Dial M For Maoists

Saroj Giri

With Maoist leader Kishenji’s rather bold offer for ceasefire to the Union government, a new situation seems to be unfolding in the red corridor of heartland India. Seeking to place the ball in the Centre’s court, the 72-day offer clearly seems to trump Union Home Minister P Chidambaram’s 72-hour offer. Moreover, it’s the nature of the offer — unconditional, as opposed to earlier Maoist proposals stipulating the release of their key leaders, restoration of land and forests to the tribals, scrapping of Memorandums of Understanding (MoUs) with big investors etc, all major irritants for the government — which begs a serious consideration. Practically the only condition set by the Maoists this time is that the State should reciprocate. This is at a time when reports of the CRPF in Lalgarh killing Lalmohan Tudu of the People’s Committee Against Police Atrocities (PCAPA) in front of his family members on February 22 are filtering in, over and above the initial propaganda about him being killed during an attack on a CRPF camp.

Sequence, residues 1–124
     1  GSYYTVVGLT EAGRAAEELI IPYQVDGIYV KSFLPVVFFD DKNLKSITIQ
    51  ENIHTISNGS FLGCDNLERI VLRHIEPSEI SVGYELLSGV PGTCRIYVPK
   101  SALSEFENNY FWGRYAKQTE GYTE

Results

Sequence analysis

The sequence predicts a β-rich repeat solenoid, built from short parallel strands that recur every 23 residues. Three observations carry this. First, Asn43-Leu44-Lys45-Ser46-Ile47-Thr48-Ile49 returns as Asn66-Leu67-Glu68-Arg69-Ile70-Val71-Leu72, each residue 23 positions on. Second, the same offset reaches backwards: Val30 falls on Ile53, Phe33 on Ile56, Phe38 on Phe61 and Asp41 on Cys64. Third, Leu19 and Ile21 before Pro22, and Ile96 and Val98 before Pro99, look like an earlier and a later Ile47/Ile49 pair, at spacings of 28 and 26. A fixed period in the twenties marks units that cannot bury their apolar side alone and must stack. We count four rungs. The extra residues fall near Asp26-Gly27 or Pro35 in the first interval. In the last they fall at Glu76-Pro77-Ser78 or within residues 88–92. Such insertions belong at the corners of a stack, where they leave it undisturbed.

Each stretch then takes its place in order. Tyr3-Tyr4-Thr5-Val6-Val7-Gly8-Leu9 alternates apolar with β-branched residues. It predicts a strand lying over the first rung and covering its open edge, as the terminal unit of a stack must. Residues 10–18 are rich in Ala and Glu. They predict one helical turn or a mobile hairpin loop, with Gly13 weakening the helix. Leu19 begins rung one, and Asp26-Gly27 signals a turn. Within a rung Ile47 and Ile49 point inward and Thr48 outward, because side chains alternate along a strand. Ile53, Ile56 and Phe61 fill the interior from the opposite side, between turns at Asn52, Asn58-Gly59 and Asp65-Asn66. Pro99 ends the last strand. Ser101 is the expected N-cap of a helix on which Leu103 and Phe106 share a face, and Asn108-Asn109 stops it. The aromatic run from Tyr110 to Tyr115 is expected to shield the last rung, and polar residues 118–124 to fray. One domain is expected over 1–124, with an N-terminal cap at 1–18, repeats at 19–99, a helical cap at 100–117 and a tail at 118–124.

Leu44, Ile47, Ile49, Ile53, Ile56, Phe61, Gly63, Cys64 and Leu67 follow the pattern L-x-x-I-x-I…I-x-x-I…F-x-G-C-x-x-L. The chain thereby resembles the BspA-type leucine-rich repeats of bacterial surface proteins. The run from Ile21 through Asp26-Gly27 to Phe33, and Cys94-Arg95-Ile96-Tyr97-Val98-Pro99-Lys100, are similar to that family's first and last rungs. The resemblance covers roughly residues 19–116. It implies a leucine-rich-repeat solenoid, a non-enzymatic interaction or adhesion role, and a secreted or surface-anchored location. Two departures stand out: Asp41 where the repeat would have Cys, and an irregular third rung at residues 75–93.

Chidambaram, instead of welcoming the offer to start a process of negotiation and addressing the substantive issues at hand, responded with a presumptuous and hypocritical statement calling upon the Maoists to abjure violence first. The Planning Commission’s Expert Group on Development Challenges in Extremist Affected Areas has argued that the government is engaging in peace talks with other rebel groups like the Nagas even though they have not abjured violence and in fact ‘taken advantage of the peaceful conditions to consolidate their parallel government’. So, they ask, ‘why a different approach for the Maoists?’